I was inspired to write this article after reading Megan Heuer’s article entitled Three Myths of the 67% Statistic. Megan is Vice President and Group Director, Data-Driven Marketing at SiriusDecisions. It is a good read. I am happy to see SiriusDecision make a commentary on their statistic regarding the buying journey. As Megan points out, we have all seen a variety of numbers, such as the Corporate Executive Board statistic of 57%, as well as others. All stating buyers are not making their first sales contact until up to 70% of the buying process is completed.
What I would like to share is how taking these statistics too literally or as gospel can have downsides. I believe it is safe to say we can take these statistics with a grain of salt. The fact they vary widely is indicative of loose validity. Meaning they are going to depend on who is surveyed and some of the studies may not have much rigor to them. I see them as helpful – not gospel.
I know I am not alone in thinking this way. In conversations with Dan McDade of PointClear, he has questioned such views as well. I really like what Dan had to say in his comment on this issue:
“…an over-dependence on inbound marketing tends to drive smaller deals with lower level decision makers. One company we work with saw their average deal size on inbound generated opportunities drop to 1/3 of what they enjoyed from proactive, targeted and intelligent outbound.”
This, over time, can be one significant downside to treating these statistics like gospel.
There have been others vocal about this issue. Including Julie Schwartz, SVP of Research and Thought Leadership at ITSMA. This is what she had to say recently, which I liked:
“In fact, we believe just the opposite: 70% of B2B technology solution buyers want to engage with sales reps before they identify their short list. That’s good news for providers. The earlier you engage, the more likely you are helping customers formulate their ideas on how to solve their problems. Earlier engagement means more wins.”
The reality is how buyers behave and respond is going to vary widely. Which means how and when they want to engage may be very different than a generalized statistic. Here is a real world example from a real experience:
A software platform provider conducted qualitative buyer research in two distinct segments. This involved a series of on-site interviews and mapping how purchase decisions are made in both segments. In segment A, it was found buyers had a specific goal and call to action to ‘do something quickly.’ This meant they were contacting sales almost immediately and asking for a demo. Estimated at 10% into the buying process. In segment B, they found a different set of goals and a more formal protocol for buying. There was short listing and an RFP process. Their path to a purchase was distinctly different than that of segment A. It was estimated their contact of sales came in about 50-55% of their buying process. This organization mapped out two content and sales game plans mapped to each segment – as opposed to one-size fits all.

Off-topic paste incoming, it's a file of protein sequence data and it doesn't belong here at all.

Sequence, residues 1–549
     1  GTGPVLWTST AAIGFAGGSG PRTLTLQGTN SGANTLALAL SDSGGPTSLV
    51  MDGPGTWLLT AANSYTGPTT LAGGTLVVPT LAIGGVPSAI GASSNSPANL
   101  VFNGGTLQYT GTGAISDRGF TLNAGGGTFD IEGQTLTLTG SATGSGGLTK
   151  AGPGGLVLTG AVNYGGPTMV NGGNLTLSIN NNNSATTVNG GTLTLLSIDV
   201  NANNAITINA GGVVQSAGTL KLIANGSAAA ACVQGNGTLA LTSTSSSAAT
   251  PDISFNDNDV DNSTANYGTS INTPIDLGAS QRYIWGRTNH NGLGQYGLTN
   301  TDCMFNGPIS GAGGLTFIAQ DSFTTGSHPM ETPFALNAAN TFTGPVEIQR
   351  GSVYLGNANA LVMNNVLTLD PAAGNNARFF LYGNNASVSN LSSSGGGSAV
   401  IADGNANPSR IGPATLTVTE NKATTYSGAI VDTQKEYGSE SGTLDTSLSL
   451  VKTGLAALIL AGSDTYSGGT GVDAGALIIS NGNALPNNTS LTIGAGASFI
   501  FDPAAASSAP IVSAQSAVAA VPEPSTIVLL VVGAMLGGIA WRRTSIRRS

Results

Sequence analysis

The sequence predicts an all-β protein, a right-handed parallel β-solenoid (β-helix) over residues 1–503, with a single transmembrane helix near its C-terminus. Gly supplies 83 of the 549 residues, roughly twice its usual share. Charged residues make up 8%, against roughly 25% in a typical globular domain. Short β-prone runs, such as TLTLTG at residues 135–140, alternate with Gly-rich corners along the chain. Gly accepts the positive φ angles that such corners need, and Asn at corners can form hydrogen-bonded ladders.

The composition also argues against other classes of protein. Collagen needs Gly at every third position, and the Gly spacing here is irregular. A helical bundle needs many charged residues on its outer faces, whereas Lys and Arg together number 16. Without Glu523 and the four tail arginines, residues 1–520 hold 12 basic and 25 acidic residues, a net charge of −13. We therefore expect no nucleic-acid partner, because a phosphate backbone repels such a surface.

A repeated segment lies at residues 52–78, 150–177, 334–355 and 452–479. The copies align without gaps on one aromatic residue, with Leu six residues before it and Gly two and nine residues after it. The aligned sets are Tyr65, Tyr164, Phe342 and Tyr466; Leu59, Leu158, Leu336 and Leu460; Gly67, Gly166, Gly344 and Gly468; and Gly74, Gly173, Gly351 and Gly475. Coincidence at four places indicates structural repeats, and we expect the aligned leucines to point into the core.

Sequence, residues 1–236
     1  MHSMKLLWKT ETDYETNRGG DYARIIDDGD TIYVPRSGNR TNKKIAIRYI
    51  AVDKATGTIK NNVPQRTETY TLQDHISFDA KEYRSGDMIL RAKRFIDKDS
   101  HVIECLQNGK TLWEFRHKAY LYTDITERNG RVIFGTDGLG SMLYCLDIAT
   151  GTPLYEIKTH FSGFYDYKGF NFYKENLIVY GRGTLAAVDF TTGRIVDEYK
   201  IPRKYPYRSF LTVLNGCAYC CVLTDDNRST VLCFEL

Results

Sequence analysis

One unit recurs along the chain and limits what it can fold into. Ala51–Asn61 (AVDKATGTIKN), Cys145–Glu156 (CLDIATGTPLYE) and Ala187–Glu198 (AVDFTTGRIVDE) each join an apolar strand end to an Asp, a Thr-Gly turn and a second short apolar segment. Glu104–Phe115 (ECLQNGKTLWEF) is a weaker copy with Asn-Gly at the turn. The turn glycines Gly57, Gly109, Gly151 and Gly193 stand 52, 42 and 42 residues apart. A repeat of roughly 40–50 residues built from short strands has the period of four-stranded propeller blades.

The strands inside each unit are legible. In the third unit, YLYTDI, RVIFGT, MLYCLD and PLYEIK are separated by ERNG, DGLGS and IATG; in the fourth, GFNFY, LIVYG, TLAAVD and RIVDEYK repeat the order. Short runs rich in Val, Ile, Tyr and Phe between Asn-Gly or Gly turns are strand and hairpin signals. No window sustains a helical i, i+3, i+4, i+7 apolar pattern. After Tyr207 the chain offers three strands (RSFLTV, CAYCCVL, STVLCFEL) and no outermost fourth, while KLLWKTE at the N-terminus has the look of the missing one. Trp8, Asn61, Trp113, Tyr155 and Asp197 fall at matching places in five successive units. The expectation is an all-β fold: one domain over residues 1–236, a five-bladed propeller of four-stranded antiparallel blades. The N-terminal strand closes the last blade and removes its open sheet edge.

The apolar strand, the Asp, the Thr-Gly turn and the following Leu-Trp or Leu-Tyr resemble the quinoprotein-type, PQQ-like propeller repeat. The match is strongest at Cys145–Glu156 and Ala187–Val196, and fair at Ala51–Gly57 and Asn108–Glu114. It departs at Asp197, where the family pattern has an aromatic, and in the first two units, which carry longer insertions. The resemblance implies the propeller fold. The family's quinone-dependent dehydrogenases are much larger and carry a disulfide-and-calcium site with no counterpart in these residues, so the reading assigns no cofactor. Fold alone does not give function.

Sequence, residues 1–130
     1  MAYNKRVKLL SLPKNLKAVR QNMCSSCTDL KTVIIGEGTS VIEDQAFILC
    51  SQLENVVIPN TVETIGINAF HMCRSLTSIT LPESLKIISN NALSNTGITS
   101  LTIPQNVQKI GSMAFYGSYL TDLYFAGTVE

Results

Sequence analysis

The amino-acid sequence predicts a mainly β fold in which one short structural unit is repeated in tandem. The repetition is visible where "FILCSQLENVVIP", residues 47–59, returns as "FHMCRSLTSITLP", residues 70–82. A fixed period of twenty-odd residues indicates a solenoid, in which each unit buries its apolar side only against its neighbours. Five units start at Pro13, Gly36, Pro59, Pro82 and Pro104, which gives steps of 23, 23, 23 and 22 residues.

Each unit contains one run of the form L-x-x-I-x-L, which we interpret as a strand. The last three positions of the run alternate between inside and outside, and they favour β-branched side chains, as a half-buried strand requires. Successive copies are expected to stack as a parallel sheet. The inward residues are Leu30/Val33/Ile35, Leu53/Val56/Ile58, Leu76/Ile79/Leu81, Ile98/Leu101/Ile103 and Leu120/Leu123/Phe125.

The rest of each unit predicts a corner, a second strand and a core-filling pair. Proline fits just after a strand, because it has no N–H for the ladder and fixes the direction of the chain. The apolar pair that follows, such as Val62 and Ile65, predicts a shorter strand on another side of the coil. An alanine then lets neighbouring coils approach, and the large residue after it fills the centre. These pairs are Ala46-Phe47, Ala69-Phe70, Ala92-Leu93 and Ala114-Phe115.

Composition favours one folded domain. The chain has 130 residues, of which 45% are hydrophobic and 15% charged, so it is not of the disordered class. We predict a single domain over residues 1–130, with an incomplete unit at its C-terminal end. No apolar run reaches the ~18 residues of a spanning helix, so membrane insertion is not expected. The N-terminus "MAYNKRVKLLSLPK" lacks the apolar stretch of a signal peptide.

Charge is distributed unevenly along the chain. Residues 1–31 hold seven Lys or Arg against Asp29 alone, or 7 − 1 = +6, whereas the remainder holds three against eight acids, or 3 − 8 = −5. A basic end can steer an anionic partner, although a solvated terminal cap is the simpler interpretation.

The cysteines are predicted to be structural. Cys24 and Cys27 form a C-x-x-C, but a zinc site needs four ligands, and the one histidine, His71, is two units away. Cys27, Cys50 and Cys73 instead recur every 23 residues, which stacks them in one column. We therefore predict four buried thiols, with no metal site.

As you can see from this example, it echoes what Megan, Dan, Julie, and I say – be careful about treating these statistics as gospel. If this organization did treat as gospel, they would have suffered in segment A. Finding themselves caught flat-footed and unprepared.
I made a similar point in my article 5 Steps Chief Sales Officers Must Take to Survive the B2B Buyer Revolution, which outlines actionable steps for Chief Sales Officers. I recommend the following 4 steps for both marketing and sales to avoid significant downsides:
1. Take a view inbound and sales interaction can happen in parallel. Avoid also being gospel-like about buying stages having neat starts and stops. Not real world reality.
2. Determine the critical buying path-to-purchase for your business, industries, and segments. As the examples above shows, they can be distinctly different between segments and industries.
3. Commit to finding out. Meaning commit to a level of buyer research and buyer insight development. This can include the use of company personas as well as buyer personas – applicable to B2B environments.
4. Map out marketing and sales game plans, which are integrated and mapped to the critical buying path-to-purchase. Understanding at much deeper levels the activities and behaviors of buyers and how they can vary by segments.
Following these fours steps will get you closer to real statistics you can believe in and act upon. Helping your organization to map out marketing and sales game plans, which truly help buyers along their buyer’s journey as well as their path-to-purchase.
(I welcome further conversations to help tackle this challenging issue. I am very interested in getting your thoughts and perspectives on understanding buyer’s critical path-to-purchase. Please share widely – your peers and colleagues may be too fixated on one of these statistics.)